A former psychiatric patient is tormented by noises in the night in a sharp debut from Sweden


Source: Sundance Institute


Dir: Frida Kempff. Sweden. 2021. 78 mins

Recently released from a psychiatric facility and still besieged by unwelcome thoughts, Molly (Cecilia Milocco) falters in her attempts to turn her new apartment into a home. She finds herself unpacking painful memories along with her glass ornaments; meanwhile a record-breaking heatwave brings a feverish quality to her days and nights. But the main issue is the persistent knocking from the floor above. Molly becomes convinced that there is a woman in danger somewhere upstairs; the police and her neighbours doubt her sanity. This slippery psychological thriller gaslights the audience, casting doubt upon Molly’s mental health, and by extension, everything we experience through her eyes.

Milocco’s performance manages to walk a thin line between credibility and delusion

Based on a novel by Johann Theorins, this is the first fiction feature from director Frida Kempff, who won a Jury Prize at Cannes for her short film Mickey Bader. Strikingly atmospheric cinematography and an intense central performance should ensure that the film goes on to find berths in genre strands at further festivals, following on from its premiere at Sundance. Kempff borrows tropes from horror filmmaking but the picture lacks the nerve-shredding peril (and the gore) that would fully recommend it to hard-core horror audiences.

The memories of a happier time creep unbidden into Molly’s subconscious, during her sleep and through waking dreams which lift her out of the boxy little apartment which is her new home. We see glimpses in flashback of a beach, of Molly with her partner Judith who, ominously, announces that she is going for a swim. We don’t have to see the tragedy to know that it lingers in Molly’s mind, a mind which was knocked off balance by the trauma of bereavement.

Light is used expressively – released from the treatment facility where she has been coaxed out of her breakdown, Molly pauses in the shadows before steeling herself to step out into the bright, unforgiving sunlight. Later, in her apartment, she alternates between staring warily from the balcony and then drawing the curtains, cocooning herself against the world outside.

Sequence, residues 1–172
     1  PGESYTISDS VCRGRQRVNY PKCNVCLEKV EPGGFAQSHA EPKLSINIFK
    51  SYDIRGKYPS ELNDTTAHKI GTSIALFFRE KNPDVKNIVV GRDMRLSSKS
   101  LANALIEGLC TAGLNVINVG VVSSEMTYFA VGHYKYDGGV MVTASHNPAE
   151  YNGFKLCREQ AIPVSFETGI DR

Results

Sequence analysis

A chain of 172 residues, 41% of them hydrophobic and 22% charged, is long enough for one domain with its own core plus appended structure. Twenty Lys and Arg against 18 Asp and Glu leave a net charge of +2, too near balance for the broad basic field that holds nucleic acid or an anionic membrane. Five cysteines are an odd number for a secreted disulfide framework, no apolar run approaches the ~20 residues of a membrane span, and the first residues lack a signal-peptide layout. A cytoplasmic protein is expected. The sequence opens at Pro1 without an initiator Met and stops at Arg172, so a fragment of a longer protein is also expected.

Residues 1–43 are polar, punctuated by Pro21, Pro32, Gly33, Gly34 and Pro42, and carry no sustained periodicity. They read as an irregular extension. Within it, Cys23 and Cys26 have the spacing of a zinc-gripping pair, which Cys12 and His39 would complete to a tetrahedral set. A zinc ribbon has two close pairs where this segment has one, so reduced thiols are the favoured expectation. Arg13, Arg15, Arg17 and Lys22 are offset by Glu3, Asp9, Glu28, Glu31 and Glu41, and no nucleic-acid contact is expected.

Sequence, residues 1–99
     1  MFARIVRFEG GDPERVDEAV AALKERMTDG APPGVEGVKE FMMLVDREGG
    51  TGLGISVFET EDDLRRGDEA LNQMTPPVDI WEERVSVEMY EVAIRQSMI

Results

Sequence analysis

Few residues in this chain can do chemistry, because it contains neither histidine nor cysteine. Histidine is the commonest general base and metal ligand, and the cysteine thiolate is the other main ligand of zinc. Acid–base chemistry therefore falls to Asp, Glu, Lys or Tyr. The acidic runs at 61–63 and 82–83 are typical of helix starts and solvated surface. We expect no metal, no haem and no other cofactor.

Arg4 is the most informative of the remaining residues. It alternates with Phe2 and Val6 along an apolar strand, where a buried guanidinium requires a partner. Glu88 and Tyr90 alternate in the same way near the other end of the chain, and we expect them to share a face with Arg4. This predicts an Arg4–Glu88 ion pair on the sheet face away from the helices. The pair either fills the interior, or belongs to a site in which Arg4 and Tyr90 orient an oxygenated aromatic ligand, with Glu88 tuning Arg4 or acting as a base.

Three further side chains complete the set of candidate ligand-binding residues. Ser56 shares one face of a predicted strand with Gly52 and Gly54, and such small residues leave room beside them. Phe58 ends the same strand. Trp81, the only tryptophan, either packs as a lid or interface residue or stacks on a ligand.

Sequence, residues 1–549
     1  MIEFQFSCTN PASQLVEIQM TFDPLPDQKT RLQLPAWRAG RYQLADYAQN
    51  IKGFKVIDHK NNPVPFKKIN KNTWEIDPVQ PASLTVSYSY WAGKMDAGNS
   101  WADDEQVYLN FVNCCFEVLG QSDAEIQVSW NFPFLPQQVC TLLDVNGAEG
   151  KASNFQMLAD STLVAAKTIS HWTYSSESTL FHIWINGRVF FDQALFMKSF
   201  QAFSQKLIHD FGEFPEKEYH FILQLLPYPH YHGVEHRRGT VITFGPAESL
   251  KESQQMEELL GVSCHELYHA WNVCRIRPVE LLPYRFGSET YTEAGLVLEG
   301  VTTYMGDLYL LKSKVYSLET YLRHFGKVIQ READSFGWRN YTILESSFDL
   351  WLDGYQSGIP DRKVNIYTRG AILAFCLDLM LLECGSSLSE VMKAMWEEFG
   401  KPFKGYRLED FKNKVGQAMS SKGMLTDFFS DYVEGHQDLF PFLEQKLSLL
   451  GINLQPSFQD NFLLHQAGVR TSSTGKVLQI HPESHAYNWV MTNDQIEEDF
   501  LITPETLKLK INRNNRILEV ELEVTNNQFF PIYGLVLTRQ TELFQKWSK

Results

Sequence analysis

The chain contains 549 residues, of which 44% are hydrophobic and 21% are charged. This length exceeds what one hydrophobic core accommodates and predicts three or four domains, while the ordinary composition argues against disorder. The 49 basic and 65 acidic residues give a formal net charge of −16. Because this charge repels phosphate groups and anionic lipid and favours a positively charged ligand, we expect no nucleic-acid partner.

Middle-aged, with unbrushed hair and a hint of mania in her expression, Molly is not the kind of person who is taken seriously as a witness. So when she starts to insist, on the strength of some knocking that nobody else seems to be able to hear, that a woman’s life is in danger, her neighbours nod politely and then shut their doors as quickly as they can.

Milocco’s performance manages to walk a thin line between credibility and delusion, a line which is less successfully negotiated by other aspects of the film. Archetypal paranoid psychosis production design sees Molly’s walls covered with torn newspaper and scrawled notes; the sound needles with tinnitus whines; the score employs quizzical piano motifs followed by ominous rumbling. Add to this the use of a go-pro style ‘mad cam’ - a camera worn by Milocco, trained on her face to catch the most demented and desperate moments of her performance - and there is not so much a question mark over Molly’s sanity as a giant, blaring mental health crisis klaxon. This all works against the picture, which succeeds most effectively when the audience is left with some degree of doubt about whether the knocking is real or a figment of a broken mind.

Production company: Läsk

International sales: Bankside Films films@bankside-films.com

Producer: Erik Andersson

Screenplay: Emma Broström

Editing: Erika Gonzales

Cinematography: Hannes Krantz

Production design: Elle Furudahl

Music: Martin Dirkov

Main cast: Cecilia Milocco, Krister Kern, Albin Grenholm,Ville Virtanen, Alexander Salzberger